• Yolŋu actor David Dalaithngu, who defined Indigenous Australians in movies for half a century, has died aged 68. (AAP Image/Terry Trewin)Source: AAP Image/Terry Trewin
The young boy from the bush who became a star has been remembered as a 'beautiful human being' who inspired generations of First Nations people.
Sarah Collard, Nadine Silva, Guy McLean

30 Nov 2021 - 8:32 PM  UPDATED 30 Nov 2021 - 8:35 PM

When Yothu Yindi co-founder Witiyana Marika first met Mr Dalaithngu in 1984 there was an instant connection.

“[He said] You must be my son, I know you… Your features look like my father,” Mr Marika told NITV News.

“He just knew me through his spirituality, connected to me."

The Yolŋu men forged a treasured friendship since then with Mr Marika in awe of how the late actor was able to showcase his culture to the world.

“When he danced, twisted, shook his chest with that power and movement, it’s something special,” he said.

“We all have that same movement, but he was the first one to show it on the screen.” 

“The young boy from the bush became a star to the whole of Australia and whole Arnhem land.”

Mr Marika has joined thousands from across the world to pay tribute to the highly-esteemed dancer, actor, singer, painter and storyteller from Ramingining, who passed away on Monday after battling lung cancer. 

His storied career spanned five decades, putting in numerous memorable performances in a range of iconic films.

“I call him the Black Superman, he could do everything... such a beautiful human being," said John Paul Janke, host of NITV's The Point.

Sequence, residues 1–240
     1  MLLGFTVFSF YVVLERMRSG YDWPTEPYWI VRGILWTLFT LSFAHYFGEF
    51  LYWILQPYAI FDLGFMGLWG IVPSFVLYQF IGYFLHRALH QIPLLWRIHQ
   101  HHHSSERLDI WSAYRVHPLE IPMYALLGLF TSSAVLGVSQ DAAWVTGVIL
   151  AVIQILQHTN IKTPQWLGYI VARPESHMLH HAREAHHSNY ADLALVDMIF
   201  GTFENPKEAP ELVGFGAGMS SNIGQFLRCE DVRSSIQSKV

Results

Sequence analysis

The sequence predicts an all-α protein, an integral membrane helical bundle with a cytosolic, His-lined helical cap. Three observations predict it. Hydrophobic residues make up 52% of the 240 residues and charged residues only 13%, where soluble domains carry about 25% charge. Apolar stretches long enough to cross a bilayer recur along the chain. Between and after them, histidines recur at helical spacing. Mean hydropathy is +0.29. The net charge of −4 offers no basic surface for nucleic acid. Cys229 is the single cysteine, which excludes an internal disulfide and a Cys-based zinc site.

“At that time [1970's], a lot of Aboriginal characters were still being played by non-Indigenous people in blackface, so really he broke the mould.

Brindle Films co-founder Trisha Morton-Thomas told NITV she was mesmerised watching him as 'Fingerbone Bill' in 1976's Storm Boy as a child.

“David Dalaithngu was the first Aboriginal face I saw on Australian screen,” the Anmatyerr woman said.

“Seeing him own the screen allowed me to dream that I could one day follow in his footsteps.”

He opened the doors for First Nations people in the film industry, according to Bunya Productions producer Penny Smallacombe.

“I know my career would not exist if it weren’t for him and others, that stepped onto our screens and inspired us to be in this industry. An industry that hasn’t always been inviting,” the Maramanindj woman said.

“He has made our ability to be on-screen possible.”

Dr Romaine Moreton, First Nations Director of the Australian Film Television and Radio School, said Mr Dalaithngu united Indigenous people.

“David Dalaithngu had a way of moving across the screen that exuded confidence, commanding the gaze of the camera, collapsing distance into an intimacy; an intimacy that would ultimately unite us as First Nations audience,” Ms Moreton told NITV.

Bangara Dance Theatre Artistic Director Stephen Page said the "great artist" will continue to inspire other Indigenous artists for decades.

Mr Dalaithngu was also remembered among the corridors of power in the nation's capital, where he was awarded the NAIDOC Lifetime Achievement Award in 2019.

“David is the most recognisable Aboriginal man in the world. He took Aboriginal culture mainstream and global and, for this, his contribution to raising the profile of our people and Australia cannot be overstated,” said Indigenous Australians Minister Ken Wyatt. 

Labor Senator Malarndirri McCarthy said Australia, and the world, is mourning an icon.

“He had this ability to break down barriers without really trying,” Ms McCarthy said.

“I think he could teach more about his cultural background and the background of first Nations people simply by being himself.”

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